Alberta Federation of Labour opposes Northern Gateway pipeline, wants refining jobs in Canada

The Alberta Federation of Labour is opposing construction of the Northern Gateway pipeline from the Alberta oilsands to Kitimat, British Columbia on the grounds that the construction jobs would only be "transitory," higher oil prices would result and jobs in refining would not be created in Canada.

AFL announced this week it is filing a third-party report, by economist Robyn Allan, as evidence to the federal panel currently considering Enbridge Inc.'s application to build the pipeline. If approved, the 1,150-kilometre Northern Gateway would take bitumen from Bruderheim, Alberta and send it to the port of Kitimat for export abroad. The project also proposes construction of an import condensate pipeline, terminal facilities and marine infrastructure in Kitimat.

A joint review panel established by the National Energy Board is holding hearings and AFL submitted Allan's report after NEB denied her intervenor status.

In its own submission, the Alberta Federation of Labour argues the pipeline would results in the loss of tens of thousands of potential jobs in upgrading, refining and petro-chemical production.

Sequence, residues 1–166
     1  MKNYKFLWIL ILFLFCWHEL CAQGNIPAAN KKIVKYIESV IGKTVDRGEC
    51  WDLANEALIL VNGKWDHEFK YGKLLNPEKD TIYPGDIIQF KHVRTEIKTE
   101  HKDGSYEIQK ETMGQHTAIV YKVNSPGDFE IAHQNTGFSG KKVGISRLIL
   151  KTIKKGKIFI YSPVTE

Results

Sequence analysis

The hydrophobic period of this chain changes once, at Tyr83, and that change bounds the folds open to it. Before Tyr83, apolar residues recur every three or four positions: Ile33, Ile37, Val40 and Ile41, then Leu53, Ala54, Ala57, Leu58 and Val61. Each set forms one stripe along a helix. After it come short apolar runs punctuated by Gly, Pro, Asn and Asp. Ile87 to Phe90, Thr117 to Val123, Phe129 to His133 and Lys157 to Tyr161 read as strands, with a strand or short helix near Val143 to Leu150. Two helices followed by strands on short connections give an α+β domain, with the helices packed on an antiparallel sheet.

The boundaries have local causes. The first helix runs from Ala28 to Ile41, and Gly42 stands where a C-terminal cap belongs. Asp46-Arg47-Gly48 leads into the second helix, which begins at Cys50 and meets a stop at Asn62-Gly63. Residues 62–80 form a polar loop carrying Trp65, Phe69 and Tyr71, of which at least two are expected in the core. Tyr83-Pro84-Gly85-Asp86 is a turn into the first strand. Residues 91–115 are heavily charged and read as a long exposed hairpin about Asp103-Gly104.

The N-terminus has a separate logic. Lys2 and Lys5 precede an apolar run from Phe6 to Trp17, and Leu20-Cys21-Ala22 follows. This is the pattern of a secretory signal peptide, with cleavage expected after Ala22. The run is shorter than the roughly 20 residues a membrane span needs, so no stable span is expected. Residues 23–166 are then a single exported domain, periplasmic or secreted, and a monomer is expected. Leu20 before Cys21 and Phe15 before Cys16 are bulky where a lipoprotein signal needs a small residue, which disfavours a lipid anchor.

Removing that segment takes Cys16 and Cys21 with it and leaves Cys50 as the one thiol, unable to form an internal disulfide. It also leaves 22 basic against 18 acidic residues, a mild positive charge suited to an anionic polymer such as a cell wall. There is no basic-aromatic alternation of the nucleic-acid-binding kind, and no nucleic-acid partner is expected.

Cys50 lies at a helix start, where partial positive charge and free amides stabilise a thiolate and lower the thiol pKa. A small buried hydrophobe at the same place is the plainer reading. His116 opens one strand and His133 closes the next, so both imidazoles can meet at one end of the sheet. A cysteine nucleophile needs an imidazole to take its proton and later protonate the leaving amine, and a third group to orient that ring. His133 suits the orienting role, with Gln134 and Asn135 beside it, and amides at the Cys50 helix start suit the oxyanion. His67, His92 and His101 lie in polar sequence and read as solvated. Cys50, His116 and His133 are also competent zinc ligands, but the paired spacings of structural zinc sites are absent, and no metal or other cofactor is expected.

"Construction jobs would be 'transitory and migratory' lasting three to four years at the most," AFL argued.

The AFL release comes a week after the Director of Canadian Affairs for Building and Construction Trades Department (BCDT) of the American Federation of Labour-Congress of Industrial Organizations (AFL-CIO), Robert Blakely, came out in support of Northern Gateway. At the time, Blakely stated he was encouraged by a promise by Prime Minister Stephen Harper that the federal government would ensure energy and mining projects are not subject to unnecessary delays. At the time, Canadian Building Trades noted the jobs created by Northern Gateway would include those in permanent operations and maintenance, not only in construction.

Canadian Building Trades also supported TransCanada Corp.'s application to build the Keystone XL pipeline, would carry oilsands crude from Alberta to Texas. That application was denied by the United States Department of State but TransCanada plans to submit a new application.

Both Allan and the AFL agree the Northern Gateway would cause an increase in oil prices.

"The good news is that there is a way to avoid the price shock that Robyn talks about," AFL president Gil McGowan said of Allan's report in a press release. "By doing more upgrading and refining in Canada, we can make sure that Canadians keep much more of the value created by development within the country. And, by developing markets in eastern Canada instead of Asia, we can ensure that Alberta's growth isn't coming at the expense of growth in other provinces."

Allan was a Commissioner on the Barrett Commission of Inquiry into the Quality of Condominium Construction in British Columbia. She has also been President and CEO of the Insurance Corporation of British Columbia.

Daily Commercial News and Construction Record, Thurs Feb 2 2012

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